This project holds special meaning for me as it is a wedding present for my oldest child, my daughter, Chelsea. I made a cradle for her when she was born and as she transitions into this new time in her life, I thought a bed was a fitting gift. I built what is commonly referred to as a pencil post bed. It gets its name from the tapered octagons on the posts. This one is a copy of a period piece from the 19th century. The Tiger Maple I used came from Good Hope Hardwoods in East Pennsylvania and is a traditional choice for this type project.
The construction was a classic hybrid power/hand tool exercise where I used the bandsaw, the shaper, and the mortiser for the base roughing out of the project. Most of the time spent was with hand tools: planes, chisels, and card scrapers. Because Tiger Maple has such wicked grain patterns, I used both a Lie-Nielsen 4½ with a high angle frog (York Pitch) and a Lee Valley low angle smoother at 62 degrees (50 degree plane iron and a 12 degree bed). A well-sharpened card scraper was really a life saver.
I used a lambs tongue on the rectangular transitions that sit between the tapered octagon upper posts and the straight octagon lower posts. Eight lambs tongues on each post—32 in all. These are carved with a flat chisel.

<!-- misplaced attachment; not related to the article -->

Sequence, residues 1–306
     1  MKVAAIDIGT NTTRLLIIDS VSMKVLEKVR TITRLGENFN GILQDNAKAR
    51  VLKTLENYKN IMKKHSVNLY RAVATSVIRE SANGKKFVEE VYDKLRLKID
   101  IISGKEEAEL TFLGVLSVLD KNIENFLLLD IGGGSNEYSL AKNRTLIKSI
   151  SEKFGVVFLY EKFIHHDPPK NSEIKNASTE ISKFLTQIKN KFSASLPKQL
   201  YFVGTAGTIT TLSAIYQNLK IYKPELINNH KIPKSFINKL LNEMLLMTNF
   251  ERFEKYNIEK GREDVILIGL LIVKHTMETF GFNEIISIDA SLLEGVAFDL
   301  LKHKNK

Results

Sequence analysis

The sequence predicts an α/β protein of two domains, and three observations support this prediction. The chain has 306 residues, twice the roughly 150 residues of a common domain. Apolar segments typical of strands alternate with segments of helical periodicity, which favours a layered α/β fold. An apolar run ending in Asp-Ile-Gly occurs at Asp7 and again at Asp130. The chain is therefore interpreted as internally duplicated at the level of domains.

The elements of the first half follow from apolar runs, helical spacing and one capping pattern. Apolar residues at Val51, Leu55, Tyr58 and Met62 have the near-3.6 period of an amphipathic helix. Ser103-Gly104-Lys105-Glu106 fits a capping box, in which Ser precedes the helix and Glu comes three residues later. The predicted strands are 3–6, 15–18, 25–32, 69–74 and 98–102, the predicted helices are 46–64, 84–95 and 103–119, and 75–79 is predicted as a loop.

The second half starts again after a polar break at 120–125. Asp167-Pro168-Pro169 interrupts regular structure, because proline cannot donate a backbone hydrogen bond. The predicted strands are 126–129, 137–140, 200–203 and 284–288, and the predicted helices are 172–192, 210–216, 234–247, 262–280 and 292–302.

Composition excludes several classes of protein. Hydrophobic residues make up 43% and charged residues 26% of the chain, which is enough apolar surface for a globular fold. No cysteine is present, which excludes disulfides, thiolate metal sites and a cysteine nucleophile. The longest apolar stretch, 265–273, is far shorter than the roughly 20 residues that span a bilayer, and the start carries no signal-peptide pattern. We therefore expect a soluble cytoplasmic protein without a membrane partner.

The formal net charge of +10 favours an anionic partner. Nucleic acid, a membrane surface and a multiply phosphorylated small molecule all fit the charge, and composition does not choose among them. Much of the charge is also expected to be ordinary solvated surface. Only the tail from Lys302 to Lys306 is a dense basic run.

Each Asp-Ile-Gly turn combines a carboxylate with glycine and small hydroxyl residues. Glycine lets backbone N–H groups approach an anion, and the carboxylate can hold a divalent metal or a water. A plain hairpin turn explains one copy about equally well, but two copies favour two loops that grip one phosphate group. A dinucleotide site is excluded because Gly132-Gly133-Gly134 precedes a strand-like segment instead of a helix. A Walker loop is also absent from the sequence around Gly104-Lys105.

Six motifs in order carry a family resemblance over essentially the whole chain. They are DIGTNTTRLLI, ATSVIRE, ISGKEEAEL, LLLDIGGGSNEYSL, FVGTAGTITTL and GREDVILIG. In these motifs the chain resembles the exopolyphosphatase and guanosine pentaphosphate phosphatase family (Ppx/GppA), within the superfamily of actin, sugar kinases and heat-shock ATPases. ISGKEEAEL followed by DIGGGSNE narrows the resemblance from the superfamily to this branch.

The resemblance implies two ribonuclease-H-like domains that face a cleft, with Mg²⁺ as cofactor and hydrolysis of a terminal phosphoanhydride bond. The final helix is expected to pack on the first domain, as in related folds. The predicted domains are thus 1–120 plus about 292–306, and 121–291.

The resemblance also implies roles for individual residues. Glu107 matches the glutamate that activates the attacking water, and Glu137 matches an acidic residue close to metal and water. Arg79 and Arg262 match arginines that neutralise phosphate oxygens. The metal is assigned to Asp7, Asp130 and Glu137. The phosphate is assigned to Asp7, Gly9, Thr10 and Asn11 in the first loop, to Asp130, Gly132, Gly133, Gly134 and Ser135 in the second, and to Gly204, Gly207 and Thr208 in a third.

The finish started with a coat of Honey Amber Maple aniline dye. Following the instructions of Glen Huey’s DVD, “Finishes that Pop”, I kept soaking the wood with the dye until it would no longer absorb it. I waited two days for the wood to completely dry and then I used a coat of boiled linseed oil (also per instructions from Glen’s DVD). That really made the rays on the Tiger Maple stand out. However, I had to wait 5 days for the BLO to dry. I then coated the surface with 4 coats of gloss armor seal followed by two coats of semi-gloss armor seal. That gave me just the right amount of gloss/glow.
When all is said and done I am pleased with the piece. More important, my daughter and her fiance are very happy with it. Sometimes I really love this hobby!